By Steve Barry/photos by the author
The former Pennsylvania Railroad main line had many distinctive features, from it stone arch bridges to its many towers that controlled the line. One of those distinct features, the Pennsy’s position light signals, have been falling rapidly as Norfolk Southern converts the line between Harrisburg and Pittsburgh to Positive Train Control. The signals were located every two miles or so, protecting many a train for decades.
Perhaps the most accessible set of Pennsy position lights (from a railfanning standpoint) was the stretch on the West Slope of the line over the Alleghenies in Pennsylvania. From Gallitzen down to Johnstown, many of the signals were visible from public locations. In May, the signals from Horseshoe Curve on the East Slope to MO at Cresson on the West Slope came down. As June approached, the very accessible signals between Lilly and Johnstown became railfan targets, as these would be the next to fall.
Just after sunrise, an eastbound Norfolk Southern train passes beneath the former Pennsylvania Railroad signals at Lilly, Pa., on June 4, 2019.
Lilly had two sets of signals, one each east and west of town. The eastern set was largely inaccessible, but the west set was easily seen and shootable with a telephoto lens. The town even put in a parking area and bench at the location (one of many railfan-friendly communities on the West Slope). With the railroad running largely northeast-southwest through here, these signals became an early-morning target for many fans.
The next community with accessible signals was Cassandra, with its famous railroad overlook. The set of signals west of the overlook could be shot with a long telephoto lens.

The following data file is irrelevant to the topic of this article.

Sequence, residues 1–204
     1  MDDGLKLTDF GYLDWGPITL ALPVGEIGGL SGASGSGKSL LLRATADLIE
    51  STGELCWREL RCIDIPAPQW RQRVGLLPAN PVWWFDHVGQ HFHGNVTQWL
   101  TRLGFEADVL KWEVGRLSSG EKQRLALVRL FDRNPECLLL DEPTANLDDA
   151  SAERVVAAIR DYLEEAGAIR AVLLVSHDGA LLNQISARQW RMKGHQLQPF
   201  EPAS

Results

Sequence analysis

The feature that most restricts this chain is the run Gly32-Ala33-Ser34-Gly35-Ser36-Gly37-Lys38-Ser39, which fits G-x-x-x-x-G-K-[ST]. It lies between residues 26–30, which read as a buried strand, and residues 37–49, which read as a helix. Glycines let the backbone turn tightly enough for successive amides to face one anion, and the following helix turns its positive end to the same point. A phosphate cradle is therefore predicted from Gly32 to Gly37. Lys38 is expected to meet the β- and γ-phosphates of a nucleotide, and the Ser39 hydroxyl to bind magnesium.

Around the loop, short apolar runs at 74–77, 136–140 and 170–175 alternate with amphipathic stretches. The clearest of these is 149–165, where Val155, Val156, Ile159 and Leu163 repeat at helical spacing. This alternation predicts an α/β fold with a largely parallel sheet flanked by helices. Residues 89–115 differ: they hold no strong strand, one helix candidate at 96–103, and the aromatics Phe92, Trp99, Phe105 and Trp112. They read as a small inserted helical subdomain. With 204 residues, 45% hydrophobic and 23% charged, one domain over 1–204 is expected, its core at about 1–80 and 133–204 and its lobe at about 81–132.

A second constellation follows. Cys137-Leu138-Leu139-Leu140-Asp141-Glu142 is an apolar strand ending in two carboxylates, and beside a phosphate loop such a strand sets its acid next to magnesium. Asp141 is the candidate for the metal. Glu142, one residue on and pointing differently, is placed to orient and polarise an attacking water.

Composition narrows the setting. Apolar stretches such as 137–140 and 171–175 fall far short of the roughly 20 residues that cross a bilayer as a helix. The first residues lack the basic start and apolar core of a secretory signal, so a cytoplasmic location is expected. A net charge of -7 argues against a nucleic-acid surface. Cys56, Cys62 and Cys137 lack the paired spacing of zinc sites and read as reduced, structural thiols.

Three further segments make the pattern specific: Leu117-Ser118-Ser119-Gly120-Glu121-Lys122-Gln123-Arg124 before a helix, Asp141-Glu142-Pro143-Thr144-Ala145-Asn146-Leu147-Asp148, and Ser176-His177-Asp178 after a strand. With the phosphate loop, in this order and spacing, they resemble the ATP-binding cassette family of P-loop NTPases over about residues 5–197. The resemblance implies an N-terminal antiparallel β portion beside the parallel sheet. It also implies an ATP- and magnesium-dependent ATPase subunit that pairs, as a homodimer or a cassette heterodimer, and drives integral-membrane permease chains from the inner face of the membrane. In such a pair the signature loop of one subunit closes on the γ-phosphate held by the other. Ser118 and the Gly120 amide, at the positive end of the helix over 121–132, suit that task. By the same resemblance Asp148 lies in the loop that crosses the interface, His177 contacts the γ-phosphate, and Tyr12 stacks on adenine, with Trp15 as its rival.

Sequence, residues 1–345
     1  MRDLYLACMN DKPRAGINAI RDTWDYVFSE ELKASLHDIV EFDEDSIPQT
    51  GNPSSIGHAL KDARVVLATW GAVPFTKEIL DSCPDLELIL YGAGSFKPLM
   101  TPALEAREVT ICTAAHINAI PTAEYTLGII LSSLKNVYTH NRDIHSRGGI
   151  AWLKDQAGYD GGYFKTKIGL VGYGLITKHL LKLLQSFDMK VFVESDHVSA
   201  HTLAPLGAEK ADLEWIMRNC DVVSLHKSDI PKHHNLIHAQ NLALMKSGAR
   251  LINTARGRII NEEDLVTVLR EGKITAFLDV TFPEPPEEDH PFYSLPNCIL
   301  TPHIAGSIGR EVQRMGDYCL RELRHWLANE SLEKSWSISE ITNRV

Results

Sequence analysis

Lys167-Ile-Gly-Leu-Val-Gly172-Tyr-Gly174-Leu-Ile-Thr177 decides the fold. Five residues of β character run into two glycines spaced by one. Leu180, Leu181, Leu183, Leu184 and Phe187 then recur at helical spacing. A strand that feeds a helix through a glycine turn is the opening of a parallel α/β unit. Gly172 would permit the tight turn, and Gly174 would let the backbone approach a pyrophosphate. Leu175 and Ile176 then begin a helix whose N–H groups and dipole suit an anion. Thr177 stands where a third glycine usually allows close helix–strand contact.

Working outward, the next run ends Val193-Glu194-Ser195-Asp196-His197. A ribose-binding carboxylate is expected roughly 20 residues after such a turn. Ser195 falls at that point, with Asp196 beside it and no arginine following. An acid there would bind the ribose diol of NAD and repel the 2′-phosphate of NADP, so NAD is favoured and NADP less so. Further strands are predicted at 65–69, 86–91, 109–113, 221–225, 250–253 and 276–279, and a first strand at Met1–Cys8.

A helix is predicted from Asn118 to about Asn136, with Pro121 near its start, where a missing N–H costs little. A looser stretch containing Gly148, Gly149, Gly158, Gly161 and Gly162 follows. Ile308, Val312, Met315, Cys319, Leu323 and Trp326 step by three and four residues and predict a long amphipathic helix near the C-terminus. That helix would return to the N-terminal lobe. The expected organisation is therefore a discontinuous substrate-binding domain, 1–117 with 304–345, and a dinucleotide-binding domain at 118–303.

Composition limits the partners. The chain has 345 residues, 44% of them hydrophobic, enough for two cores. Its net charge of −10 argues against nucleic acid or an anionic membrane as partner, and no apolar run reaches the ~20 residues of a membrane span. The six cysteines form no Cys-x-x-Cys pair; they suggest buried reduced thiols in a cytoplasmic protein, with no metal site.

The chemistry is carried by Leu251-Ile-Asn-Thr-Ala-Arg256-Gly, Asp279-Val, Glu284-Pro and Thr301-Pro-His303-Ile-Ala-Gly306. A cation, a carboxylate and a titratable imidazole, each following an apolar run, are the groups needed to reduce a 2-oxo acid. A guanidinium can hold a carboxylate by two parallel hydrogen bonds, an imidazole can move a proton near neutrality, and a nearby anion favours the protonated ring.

Perhaps no set of signals was as accessible as the one at Jamestown. Here, the signals were mounted directly to a road bridge, allowing one to shoot from directly behind the signal heads. Another signal bridge was visible east of the road bridge, but the heads faced the wrong way for photography.
An eastbound stack train rolls through the trio of former Pennsylvania Railroad position signals at Portage, Pa., on June 4, 2019.
Portage was the next town west, and was the only set of accessible signals not on an overhead bridge. Three signals mounted on posts guarded the main line and a branch to a coal mine.
A loaded coal train passes under the ex-Pennsylvania Railroad position signals at Summerhill, Pa., on June 4, 2019. The train entered the main line from the mine just east of Portage and is making a short westbound dash down the “wrong” main to South Fork where it will enter the yard.
Then there was Summerhill, the photography favorite. Located right in the middle of town and featuring signals facing both directions, fans could shoot eastbound trains from ground level and westbounds from the Main Street road bridge.
A westbound Norfolk Southern freight passes under the former Pennsylvania Railroad signals at Summerhill on June 3, 2019. The signals for eastbound trains are on tall masts so the signals can be seen over a road bridge.
It was the road bridge that gave the Summerhill signals their unique feature — the signals for eastbound trains were mounted on long masts so they would stick up above the Main Street bridge, allowing crews to see them farther away.
Amtrak’s Pennsylvanian departs the station in Johnstown heading west, passing under former Pennsylvania Railroad signals on June 3, 2019.
Finally, Johnstown has (as this is written) a set of signals just west of the Amtrak station, shootable from the west side of the Little Conemaugh River bridge with a short telephoto. From the hillside overlook, the normal-lens shot of the bridge is not bad, either.
Amtrak’s eastbound Pennsylvanian passes beneath the former Pennsylvania Railroad signals at Summerhill on June 4, 2019.
On June 9, all the above signals except Johnstown were decommissioned. NS wasted no time in removing them — all came down on June 10. With NS also working eastward from Pittsburgh in replacing signals, the classic PRR lights are now restricted to a very narrow segment of track from Johnstown westward.
There were many things that made the Pennsy the Pennsy. Perhaps the most common reminder in the 21st century were the position light signals. And now, even these are vanishing into the history books.